In the new story, Meena finds an unusual object that seems to give her superpowers. She spends a lot of time trying to figure out what her powers are and how to use them. She’s also starting treatment for epilepsy, and she sees that as a weakness. I’d say it’s a story about Meena confronting her sense of grandiosity. On the one hand, that’s a quality I love about her. She is single-minded and fearless in going after what she wants. On the other hand, she needs to learn to learn to think about how her actions affect other people and to consider her friends’ feelings instead of bulldozing over them. She also needs to learn that her medical condition won’t stop her from doing great things–but that sometimes small acts of kindness and solidarity have the biggest impact of all.

I love the cover of this book. Can you tell me a bit about the design team?

Tom Daly at Simon & Schuster designed both books. I love the playfulness and exuberance of his vision! Rayner Alencar illustrated the first book. He has a very eye-catching, anime-inspired look that was the perfect way to introduce readers to Meena as a character. Mina Price illustrated the new book. She did an amazing job of creating something that is faithful to the original yet still very much in her own style–and in a way that hints at the story to come. I feel very fortunate to have hit the illustrator jackpot twice!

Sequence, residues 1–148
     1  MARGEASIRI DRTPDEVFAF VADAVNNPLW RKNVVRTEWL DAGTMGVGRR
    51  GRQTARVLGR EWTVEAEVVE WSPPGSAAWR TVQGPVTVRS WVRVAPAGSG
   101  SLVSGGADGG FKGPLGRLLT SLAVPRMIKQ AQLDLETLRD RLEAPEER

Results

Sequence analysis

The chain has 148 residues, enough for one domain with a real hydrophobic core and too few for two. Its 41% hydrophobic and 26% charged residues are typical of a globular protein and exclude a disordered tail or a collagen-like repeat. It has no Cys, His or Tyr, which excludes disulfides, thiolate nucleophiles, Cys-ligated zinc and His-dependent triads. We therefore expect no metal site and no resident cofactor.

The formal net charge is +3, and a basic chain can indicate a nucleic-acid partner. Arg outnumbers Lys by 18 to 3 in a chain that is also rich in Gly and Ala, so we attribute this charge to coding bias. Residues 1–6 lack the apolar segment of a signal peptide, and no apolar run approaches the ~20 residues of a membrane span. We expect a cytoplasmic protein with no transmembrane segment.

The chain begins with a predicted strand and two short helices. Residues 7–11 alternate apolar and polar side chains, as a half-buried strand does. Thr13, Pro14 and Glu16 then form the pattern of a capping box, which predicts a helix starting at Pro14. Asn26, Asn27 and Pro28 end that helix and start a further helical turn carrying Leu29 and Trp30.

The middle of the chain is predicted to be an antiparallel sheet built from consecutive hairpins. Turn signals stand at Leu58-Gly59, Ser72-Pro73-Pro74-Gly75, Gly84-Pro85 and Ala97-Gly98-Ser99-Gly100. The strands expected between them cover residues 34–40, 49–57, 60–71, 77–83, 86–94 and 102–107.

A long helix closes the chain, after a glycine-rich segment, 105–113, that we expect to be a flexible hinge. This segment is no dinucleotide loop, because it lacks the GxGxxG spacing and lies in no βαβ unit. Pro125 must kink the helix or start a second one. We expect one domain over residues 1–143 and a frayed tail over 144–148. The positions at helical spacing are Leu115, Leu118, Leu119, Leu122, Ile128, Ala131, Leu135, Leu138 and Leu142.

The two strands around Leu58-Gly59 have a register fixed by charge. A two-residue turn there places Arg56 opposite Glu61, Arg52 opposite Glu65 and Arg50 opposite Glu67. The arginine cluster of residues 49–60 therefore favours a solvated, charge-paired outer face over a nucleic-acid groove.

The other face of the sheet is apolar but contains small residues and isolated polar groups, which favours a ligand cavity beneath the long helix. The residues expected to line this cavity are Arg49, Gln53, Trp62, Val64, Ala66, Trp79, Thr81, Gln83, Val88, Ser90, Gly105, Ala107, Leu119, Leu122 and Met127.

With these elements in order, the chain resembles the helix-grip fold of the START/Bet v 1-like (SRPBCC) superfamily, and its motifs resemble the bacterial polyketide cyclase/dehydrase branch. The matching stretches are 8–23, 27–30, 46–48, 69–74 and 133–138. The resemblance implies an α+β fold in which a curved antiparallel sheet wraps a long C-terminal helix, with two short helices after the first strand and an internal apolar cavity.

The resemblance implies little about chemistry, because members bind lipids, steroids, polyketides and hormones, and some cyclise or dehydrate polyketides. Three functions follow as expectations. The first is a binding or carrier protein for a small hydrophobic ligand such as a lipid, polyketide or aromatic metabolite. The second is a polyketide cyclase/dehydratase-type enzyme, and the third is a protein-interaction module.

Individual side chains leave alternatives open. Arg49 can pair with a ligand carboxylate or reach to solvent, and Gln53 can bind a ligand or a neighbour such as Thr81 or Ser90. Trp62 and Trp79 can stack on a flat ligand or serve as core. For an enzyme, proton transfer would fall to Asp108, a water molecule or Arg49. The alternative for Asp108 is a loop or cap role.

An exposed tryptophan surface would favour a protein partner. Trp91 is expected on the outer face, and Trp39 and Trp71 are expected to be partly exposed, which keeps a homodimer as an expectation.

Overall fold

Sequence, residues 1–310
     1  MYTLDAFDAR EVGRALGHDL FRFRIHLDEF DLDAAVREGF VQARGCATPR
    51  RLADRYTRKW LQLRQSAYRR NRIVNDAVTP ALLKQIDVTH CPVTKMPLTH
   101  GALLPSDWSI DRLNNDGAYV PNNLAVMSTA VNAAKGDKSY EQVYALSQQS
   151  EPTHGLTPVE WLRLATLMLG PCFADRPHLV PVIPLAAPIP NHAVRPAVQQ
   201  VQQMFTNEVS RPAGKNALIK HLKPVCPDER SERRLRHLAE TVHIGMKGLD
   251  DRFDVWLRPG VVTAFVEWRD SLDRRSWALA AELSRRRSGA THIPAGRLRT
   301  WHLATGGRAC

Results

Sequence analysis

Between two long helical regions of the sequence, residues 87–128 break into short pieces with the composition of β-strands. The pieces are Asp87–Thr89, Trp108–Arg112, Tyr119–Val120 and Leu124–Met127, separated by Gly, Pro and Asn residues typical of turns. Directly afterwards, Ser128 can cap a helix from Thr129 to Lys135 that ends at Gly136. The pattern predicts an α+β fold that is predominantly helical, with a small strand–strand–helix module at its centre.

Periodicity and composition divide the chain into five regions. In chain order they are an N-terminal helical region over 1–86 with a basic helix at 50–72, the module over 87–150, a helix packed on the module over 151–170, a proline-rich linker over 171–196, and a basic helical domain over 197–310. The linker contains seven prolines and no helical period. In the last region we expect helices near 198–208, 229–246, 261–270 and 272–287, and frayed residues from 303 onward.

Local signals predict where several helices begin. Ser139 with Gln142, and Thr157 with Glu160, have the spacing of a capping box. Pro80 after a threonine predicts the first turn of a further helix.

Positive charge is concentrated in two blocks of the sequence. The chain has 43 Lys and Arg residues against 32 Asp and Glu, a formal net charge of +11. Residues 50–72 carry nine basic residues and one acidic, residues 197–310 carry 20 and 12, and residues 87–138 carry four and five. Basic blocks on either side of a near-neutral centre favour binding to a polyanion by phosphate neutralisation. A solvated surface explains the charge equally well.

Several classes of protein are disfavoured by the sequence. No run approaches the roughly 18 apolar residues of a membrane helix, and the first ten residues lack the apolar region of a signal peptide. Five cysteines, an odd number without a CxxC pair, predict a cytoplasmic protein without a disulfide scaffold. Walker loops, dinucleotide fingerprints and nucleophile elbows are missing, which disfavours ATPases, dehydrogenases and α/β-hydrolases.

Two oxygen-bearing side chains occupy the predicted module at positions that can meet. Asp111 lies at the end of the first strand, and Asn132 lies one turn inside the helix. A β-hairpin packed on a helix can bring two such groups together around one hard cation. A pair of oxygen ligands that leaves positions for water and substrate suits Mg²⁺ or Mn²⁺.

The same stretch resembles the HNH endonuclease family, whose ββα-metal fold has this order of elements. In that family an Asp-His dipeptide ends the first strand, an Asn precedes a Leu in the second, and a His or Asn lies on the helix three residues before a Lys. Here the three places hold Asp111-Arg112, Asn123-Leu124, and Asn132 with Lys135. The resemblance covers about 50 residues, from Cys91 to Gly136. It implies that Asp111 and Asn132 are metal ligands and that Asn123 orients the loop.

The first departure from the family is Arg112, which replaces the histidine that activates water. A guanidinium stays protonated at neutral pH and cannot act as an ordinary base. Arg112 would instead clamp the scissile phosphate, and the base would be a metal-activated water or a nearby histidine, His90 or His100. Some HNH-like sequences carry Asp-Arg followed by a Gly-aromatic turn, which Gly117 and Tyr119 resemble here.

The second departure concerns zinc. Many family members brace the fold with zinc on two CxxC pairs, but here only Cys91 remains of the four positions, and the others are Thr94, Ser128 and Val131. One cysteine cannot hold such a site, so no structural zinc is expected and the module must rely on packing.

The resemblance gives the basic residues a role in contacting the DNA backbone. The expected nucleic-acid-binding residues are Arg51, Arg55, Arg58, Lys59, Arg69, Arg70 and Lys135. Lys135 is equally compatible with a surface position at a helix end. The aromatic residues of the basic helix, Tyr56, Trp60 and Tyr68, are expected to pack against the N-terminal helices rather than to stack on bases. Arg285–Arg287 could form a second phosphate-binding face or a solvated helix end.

I know the subject matter of the book is close to home for you. Can you tell us about the inspiration behind this series?

My daughter Amelia started having seizures when she was nine years old. It was a scary time for our whole family, especially at the beginning while she was being tested for a possible brain tumor. Amelia taught me a lot during that time about how young children deal with fear and uncertainty. They feel and think about it deeply, but they also find ways to cling to their “kid-ness.” I really wanted to explore that in the first book.